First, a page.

Last November, Tony Luhrman brought his team to the Butcher’s Ball in Brenham with high hopes. The event brings together chefs and pitmasters so independent farms and ranches can highlight their produce and compete for the Golden Ax that goes to the chef with the best food. Luhrman, owner of El Topo in Houston (just featured on taco editor José R. Ralat’s list of best new taquerias), had already won the award with barbacoa in 2018 when the business was still in a food truck. He moved to a real-world company in early 2020 and, after switching from cheek to breast, left last year’s Butcher’s Ball again with first place. The winning brisket suadero taco has now found a permanent place on his restaurant’s menu.
Traditionally, suadero is a cut between the flank and the bottom sirloin that is cooked in oil, then crispy on a flat surface before serving. (This video shows an example of preparing a suadero from Cuantos Tacos in Austin.) At El Topo, Luhrman uses brisket that is cut into four pieces and covered with a dry adobo seasoning overnight. The next day, Luhrman roasts the beef directly over the oak fire before transferring it to a skillet and covering it with beef tallow to cook for a few hours. The finished pieces are cooled and portioned. When an order arrives in the kitchen, the brisket is chopped into hot beef fat on a flat platter until the meat is crispy.
It’s not barbecue, but this brisket has similar flavors from a wood grill, with the finishing touch of caramelization on high heat. When Lurhman planned to enter the competition, he knew the döş suadero needed a salsa of his own. His team blended homemade salsa macha with emulsified oil salsa, habanero peppers, and caramelized onions. Since the win, they’ve called it salsa de campeones, or “champions’ salsa.” It resembles a spicy barbecue sauce and complements fatty beef well. Topped with pickled onions and fresh cilantro, the ingredients make an incredible taco.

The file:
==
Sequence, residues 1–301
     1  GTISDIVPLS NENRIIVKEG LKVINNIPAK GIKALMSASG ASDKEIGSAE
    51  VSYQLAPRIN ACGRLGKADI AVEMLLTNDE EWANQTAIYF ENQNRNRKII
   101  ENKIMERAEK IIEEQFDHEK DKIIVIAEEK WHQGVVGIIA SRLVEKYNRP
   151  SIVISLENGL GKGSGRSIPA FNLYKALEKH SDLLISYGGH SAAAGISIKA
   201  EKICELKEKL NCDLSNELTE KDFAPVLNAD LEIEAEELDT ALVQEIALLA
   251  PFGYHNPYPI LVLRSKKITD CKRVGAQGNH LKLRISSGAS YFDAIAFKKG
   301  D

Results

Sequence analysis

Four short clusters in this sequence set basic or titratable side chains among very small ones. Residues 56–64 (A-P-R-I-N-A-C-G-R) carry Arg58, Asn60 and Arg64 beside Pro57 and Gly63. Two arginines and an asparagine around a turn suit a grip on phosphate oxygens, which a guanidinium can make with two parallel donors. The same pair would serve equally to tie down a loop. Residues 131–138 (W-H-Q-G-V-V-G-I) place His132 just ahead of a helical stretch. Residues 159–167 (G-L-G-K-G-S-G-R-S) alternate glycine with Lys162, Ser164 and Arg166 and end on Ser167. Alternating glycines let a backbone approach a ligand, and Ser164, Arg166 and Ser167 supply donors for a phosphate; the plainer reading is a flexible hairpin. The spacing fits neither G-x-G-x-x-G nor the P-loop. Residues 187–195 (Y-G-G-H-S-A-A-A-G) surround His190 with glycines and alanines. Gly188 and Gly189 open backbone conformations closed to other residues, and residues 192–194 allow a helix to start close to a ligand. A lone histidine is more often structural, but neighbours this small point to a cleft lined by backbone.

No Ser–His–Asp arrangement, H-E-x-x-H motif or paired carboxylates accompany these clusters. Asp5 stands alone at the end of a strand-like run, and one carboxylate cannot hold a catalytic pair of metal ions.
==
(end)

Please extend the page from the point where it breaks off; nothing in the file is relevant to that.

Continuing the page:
When I first heard about El Topo in 2019, Luhrman was explaining the concept of the restaurant. Houston Chronicle Barbecue columnist JC Reid, in an episode of the paper Barbecue Mood digital audio file. Lurhman told him that El Topo makes tortillas from Maseca, a common instant cornmeal used for tortillas. Since that meeting, he has changed his mind and Cónico Azul is importing blue corn from Mexico. In El Topo’s small kitchen, staff mix corn for handmade tortillas. “It’s the hardest kitchen task I’ve ever had to do,” Luhrman said of mastering the tortillas. “I had to cook sourdough for six weeks to get it right. It took me fifteen months to fix it.”
If you want smoked meat from El Topo, go for the smoked chicken taco. Luhrman attached a firebox to an old refrigerator to make an oak-fueled cabin smoker. He smokes the bacon on his weekend brunch menu, as well as whole chicken for tacos. The Houston taco is topped with rich beef cheek barbacoa, which, like the San Antonio sandwich, earned a Gold Line in 2018. For the latter, Luhrman places two pieces of shredded queso quesadilla directly on a flat plate and places a slice of home-baked thick-cut Japanese milk bread on top of each. Slices of fluffy bread are buttered and turned over after the cheese has melted, then tossed together with a generous serving of barbacoa in between.
Luhrman isn’t sure exactly how to categorize her cooking style. El Topo is a taqueria, but the dinner menu shows its chef side, with dry-aged steak and gnocchi made with masa. “I’m chasing after this dish we call Texian food or whatever. [it] Is that what we call this food that we make in Texas,” he explained. This Sunday, Luhrman will focus on Texas-style smoked meats while hosting a collaborative pop-up brunch with two-time Golden Cleaver winner Willow’s Texas BBQ at El Topo. The menu includes ribs, sausage and pulled pork. And for the last time, Willow Villarreal and Jasmine Barela will serve their iconic Brisket Hug sandwich on a jalapeño-cheese bun made by Hugs & Donuts. The Houston bakery has announced that its last day in business will be this Saturday. At the champagne and barbecue brunch, the suadero will be smoked and sliced instead of cooked suadero, but thankfully you’ll be able to order the sides of El Topo’s incredible tortillas and milk rolls with it.